When implementing a dismissal decision, it is essential that two responsible members of staff be present, one to act as a witness to the actual dismissal and the other to carry out the dismissal. It is important that the reason for instant dismissal, in the terms of the appropriate Award or Act, be clearly conveyed to the employee and recorded on the employee’s Personnel File.
Dismissal for Unsatisfactory Performance
Where, over a period of time, an employee has failed to achieve the standards set by the Company or has acted in a manner that is contrary to the required codes of conduct, he or she should be advised of the Company’s requirements in these matters.
In order to maximise the potential of employees it is important to provide feedback on the way they are undertaking their tasks, to coach them to achieve better performance on the job and to counsel them when problems occur.
Managers must have completed the process outlined in the Performance Management policy before they are able to undertake any dismissal action.
The Human Resources Department will prepare a Certificate of Service, a Statement of Termination Entitlements, and a letter outlining the reasons for the dismissal (this will be tailored to meet the individual circumstances of the situation).
As a rule, written references are not to be given to employees leaving [enter-your-company-name-here]. However, a Certificate of Service may be given on request. A copy of a Certificate of Service should be included in the employee’s personal file. A draft Certificate of Service is attached as Appendix B.
The Human Resources department will ensure that Payroll calculates all entitlements, and where possible payment will be prepared for the dismissal interview. In most cases it is expected that the payment will be processed after the dismissal has occurred.
Payment on termination will be in accordance with the terms of the individual’s contract of employment. In the case of employees covered by an Award, provisions of the appropriate Award will apply.
The Manager shall arrange for a dismissal interview. At interview, the Manager will formally dismiss the employee; providing full reasons for the decision.
During the dismissal interview, the Manager shall recover all company property. The Manager and the employee shall complete a Termination Checklist detailing all company property to be returned and other internal issues to be completed.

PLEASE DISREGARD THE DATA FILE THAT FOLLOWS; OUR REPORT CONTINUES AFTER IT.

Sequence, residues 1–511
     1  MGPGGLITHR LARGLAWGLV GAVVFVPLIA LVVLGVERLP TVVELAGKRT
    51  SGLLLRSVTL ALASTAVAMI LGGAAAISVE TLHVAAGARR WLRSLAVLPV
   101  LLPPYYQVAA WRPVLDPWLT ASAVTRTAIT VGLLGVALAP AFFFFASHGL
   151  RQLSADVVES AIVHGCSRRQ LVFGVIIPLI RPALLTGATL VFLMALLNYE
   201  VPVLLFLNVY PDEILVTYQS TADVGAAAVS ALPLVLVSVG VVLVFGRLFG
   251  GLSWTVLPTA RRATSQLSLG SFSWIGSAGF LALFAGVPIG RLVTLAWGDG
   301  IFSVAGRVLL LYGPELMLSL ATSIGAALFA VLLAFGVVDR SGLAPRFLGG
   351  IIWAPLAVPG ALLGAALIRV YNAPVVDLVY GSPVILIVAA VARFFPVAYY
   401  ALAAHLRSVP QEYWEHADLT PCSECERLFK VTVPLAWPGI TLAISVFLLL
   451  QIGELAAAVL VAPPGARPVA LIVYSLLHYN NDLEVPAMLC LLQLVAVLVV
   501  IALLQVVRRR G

Upon satisfactory completion of the Termination Checklist, the Manager will pass to the employee the termination letter. It is the responsibility of the Manager to ensure that all company property has been returned before the employee receives their final payment.
Depending on the circumstances, the employee should be escorted back to their workstation to retrieve any personal property; they should then be escorted from the premises. The Manager shall be aware that this is a difficult process for the dismissed employee and should be done with as much dignity as possible. It is usually not advisable for the employee to engage in conversation or ‘goodbyes’ with colleagues.
All final documentation must be returned to the Human Resources Department for filing.
A termination must be procedurally fair. Fairness is determined by the process followed prior to making a decision to terminate employment. Once again, Managers should ensure that they follow the Managing Performance document.
A termination must also be substantively fair. This means that there was a good, lawful reason for the dismissal; for example, assault, theft, or drunkenness where the matter has been fully investigated. A Dismissal Checklist has been provided in Appendix C to assist in the preparation for dismissal or potential dismissal of an employee. Utilising the checklist will not prevent an employee making application for re-instatement or for compensation for an unfair/unlawful dismissal but it will enhance the Organisation’s ability to successfully defend such an allegation.
Fraudulent Practices to be treated as Misconduct
Employees are strongly advised not to place themselves in a situation or assist in any way in practices that are fraudulent or involve the theft of monies, property, stock, etc. Such matters will be treated as Misconduct resulting in instant dismissal and will necessitate the matter being placed in the hands of the Police for appropriate action. All employees are advised to report incidents or suspicions of Fraud/Theft to the CEO.
The Federal Industrial Relations Court has jurisdiction to determine claims of discriminatory dismissal involving a breach of relevant anti-discrimination requirements. It is unlawful to discriminate on the grounds of sex, race, marital status, physical or mental disability, or political or religious beliefs. Refer to the Equal Employment Opportunity and Discrimination & Harassment policies.
- Annual Leave Policy
- Compassionate- Bereavement Leave
- General Leave Policy
- Parental Leave
- Separation – Abandonment Of Employment